Lesson 1: Weather on the Farm


Activity 1: What Is a Tornado?

Materials: blue construction paper, crayons or colored pencils
Ask your child to describe a tornado and draw a picture of a tornado on a piece of blue construction paper. Then ask him to describe what kind of damage a tornado can cause. If your child is not familiar with tornadoes, read about them in a weather book or on the Internet. Ask your child to write three factual sentences about tornadoes beneath his picture. Discuss the difference between factual information and nonfactual information.

Activity 2: Tornado Alley

Materials: crayons or colored pencils, U.S. map
Explain to your child that Tornado Alley is the part of the United States that is the most likely to experience tornadoes. Give your child a U.S. map and then show him the map on the "Tornado Alley" page. Ask him to label the states that are shaded (parts of South Dakota, Nebraska, Colorado, Kansas, Oklahoma, and Texas). Then he can color the shaded part red. Explain to him that this part of the U.S. is Tornado Alley. Encourage him to color Canada blue and the Gulf of Mexico green. Then encourage him to draw the Rocky Mountain range and Appalachian Mountain range on either side of Tornado Alley.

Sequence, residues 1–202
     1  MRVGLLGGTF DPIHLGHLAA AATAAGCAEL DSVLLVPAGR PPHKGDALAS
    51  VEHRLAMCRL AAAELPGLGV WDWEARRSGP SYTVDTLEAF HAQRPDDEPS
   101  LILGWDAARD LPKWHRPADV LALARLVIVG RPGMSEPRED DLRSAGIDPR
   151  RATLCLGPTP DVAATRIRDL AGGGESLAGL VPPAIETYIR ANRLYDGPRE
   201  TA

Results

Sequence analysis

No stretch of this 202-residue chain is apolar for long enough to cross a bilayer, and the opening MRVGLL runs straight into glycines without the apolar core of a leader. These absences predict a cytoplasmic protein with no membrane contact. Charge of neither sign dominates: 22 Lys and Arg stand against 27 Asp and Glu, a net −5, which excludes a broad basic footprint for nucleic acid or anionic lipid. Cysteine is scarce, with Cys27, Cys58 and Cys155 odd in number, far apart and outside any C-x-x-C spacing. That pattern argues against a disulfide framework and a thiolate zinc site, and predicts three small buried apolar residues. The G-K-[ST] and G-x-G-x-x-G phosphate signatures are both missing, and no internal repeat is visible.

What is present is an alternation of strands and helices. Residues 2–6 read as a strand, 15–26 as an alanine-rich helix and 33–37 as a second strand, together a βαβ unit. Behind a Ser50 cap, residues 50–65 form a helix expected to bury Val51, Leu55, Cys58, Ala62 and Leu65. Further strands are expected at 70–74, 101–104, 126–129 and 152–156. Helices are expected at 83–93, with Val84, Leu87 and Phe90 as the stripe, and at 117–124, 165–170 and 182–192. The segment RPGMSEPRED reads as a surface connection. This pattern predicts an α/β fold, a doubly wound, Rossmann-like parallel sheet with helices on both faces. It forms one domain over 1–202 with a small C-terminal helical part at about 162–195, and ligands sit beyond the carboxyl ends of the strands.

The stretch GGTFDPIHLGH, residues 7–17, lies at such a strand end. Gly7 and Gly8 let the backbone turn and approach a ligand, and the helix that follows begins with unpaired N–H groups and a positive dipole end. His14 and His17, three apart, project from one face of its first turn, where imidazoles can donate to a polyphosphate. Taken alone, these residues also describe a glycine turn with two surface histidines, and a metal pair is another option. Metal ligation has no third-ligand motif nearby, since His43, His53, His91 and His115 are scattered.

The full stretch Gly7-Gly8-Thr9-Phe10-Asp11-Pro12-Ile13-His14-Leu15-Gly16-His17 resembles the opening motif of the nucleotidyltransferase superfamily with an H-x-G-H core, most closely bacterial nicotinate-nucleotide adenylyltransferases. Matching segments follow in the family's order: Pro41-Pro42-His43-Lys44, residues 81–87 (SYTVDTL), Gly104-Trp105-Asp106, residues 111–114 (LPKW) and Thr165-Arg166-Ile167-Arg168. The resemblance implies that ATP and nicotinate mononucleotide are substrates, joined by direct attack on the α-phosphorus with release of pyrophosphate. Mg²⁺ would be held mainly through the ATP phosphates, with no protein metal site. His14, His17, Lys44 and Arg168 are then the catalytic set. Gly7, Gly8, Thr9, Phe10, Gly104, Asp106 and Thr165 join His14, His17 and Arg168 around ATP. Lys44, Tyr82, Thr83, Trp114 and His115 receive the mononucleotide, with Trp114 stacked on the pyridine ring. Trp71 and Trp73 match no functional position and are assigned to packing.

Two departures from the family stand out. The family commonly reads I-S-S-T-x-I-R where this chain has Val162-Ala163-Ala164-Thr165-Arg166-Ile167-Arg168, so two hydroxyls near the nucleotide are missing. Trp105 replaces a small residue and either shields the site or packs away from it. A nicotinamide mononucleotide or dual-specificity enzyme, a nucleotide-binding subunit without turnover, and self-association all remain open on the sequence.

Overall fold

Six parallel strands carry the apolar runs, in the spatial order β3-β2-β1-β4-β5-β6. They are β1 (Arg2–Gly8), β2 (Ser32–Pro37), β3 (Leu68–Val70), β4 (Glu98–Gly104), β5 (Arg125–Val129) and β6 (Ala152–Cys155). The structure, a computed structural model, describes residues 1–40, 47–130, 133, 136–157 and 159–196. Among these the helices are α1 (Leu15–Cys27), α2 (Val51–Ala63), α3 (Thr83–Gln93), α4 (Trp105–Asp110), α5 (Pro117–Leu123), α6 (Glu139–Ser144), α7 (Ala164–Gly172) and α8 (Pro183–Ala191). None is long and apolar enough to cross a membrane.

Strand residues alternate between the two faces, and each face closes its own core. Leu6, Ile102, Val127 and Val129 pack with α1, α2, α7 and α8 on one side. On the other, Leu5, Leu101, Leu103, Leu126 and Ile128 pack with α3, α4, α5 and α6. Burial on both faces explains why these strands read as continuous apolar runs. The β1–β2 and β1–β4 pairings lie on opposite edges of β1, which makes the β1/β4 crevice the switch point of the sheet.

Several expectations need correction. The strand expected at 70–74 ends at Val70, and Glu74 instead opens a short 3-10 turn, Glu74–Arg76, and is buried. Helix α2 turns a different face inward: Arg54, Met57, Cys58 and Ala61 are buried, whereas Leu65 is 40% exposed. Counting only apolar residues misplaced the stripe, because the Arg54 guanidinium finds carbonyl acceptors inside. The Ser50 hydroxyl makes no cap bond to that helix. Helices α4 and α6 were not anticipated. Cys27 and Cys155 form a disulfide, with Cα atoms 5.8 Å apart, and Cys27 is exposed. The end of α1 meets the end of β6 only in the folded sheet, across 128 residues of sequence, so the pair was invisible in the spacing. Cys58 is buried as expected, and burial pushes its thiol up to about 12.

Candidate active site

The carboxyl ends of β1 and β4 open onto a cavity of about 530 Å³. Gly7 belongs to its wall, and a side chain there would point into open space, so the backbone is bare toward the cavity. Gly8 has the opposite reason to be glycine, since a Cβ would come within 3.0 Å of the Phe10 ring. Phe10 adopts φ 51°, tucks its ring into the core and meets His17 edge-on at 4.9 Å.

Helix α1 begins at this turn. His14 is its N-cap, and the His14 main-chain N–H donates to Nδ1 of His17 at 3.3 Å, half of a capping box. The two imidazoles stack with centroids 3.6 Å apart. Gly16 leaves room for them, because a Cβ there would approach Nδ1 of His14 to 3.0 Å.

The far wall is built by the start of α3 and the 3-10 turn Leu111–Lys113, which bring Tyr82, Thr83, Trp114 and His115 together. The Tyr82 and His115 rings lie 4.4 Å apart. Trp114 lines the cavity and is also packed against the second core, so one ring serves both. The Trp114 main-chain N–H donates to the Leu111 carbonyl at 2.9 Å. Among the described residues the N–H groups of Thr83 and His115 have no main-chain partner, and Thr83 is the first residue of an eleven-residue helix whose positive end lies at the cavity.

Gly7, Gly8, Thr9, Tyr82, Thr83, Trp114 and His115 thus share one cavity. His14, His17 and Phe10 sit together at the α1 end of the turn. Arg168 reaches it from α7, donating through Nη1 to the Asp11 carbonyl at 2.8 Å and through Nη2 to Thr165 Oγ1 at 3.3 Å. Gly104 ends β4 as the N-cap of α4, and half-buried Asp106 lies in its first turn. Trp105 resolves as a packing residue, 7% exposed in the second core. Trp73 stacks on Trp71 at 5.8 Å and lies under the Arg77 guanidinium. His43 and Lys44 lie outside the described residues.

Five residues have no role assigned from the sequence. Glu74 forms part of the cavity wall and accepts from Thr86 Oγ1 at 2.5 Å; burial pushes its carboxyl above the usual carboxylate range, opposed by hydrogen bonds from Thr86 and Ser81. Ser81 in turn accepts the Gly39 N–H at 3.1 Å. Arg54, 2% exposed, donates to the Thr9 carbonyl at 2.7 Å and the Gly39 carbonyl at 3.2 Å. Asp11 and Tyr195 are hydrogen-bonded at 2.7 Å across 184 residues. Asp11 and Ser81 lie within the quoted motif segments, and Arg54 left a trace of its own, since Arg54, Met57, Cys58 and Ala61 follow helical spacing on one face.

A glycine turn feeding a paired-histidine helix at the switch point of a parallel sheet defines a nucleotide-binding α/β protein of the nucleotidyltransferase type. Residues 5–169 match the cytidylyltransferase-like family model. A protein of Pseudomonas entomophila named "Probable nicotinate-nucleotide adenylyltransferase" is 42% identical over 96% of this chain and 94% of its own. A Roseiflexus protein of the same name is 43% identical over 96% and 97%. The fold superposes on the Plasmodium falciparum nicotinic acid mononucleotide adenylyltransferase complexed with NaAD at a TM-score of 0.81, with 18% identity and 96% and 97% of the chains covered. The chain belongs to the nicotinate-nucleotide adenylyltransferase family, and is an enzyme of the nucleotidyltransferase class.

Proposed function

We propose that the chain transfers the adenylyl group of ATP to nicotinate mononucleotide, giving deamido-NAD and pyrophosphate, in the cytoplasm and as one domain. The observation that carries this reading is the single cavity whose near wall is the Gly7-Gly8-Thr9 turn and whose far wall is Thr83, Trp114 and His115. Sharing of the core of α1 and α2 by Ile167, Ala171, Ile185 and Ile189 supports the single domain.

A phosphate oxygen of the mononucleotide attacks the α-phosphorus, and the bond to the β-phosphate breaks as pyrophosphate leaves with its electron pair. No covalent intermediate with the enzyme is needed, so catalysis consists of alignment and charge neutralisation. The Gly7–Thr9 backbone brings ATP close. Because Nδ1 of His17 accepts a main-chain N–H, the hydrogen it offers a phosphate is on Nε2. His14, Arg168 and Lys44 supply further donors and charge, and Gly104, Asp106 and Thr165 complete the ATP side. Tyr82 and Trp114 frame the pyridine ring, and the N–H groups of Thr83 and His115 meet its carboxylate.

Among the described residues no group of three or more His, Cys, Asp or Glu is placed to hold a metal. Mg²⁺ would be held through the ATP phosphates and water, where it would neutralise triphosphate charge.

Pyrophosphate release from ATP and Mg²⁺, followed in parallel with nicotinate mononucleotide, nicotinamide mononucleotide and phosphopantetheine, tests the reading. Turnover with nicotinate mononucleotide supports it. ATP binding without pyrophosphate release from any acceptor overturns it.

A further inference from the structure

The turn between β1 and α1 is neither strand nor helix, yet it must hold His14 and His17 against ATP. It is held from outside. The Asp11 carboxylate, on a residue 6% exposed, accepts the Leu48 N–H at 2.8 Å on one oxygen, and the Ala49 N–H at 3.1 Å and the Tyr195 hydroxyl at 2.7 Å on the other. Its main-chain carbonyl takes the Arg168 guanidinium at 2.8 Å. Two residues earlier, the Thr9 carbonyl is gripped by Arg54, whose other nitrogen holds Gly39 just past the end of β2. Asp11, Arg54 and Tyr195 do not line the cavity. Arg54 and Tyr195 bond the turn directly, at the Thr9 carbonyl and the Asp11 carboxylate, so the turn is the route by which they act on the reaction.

Explain that the land included in Tornado Alley is relatively flat, which allows cold, dry air from Canada to meet warm, moist tropical air from the Gulf of Mexico. When this cold dry air meets the warm moist air, a tornado can form.

Talk about the location of your home in relation to Tornado Alley.
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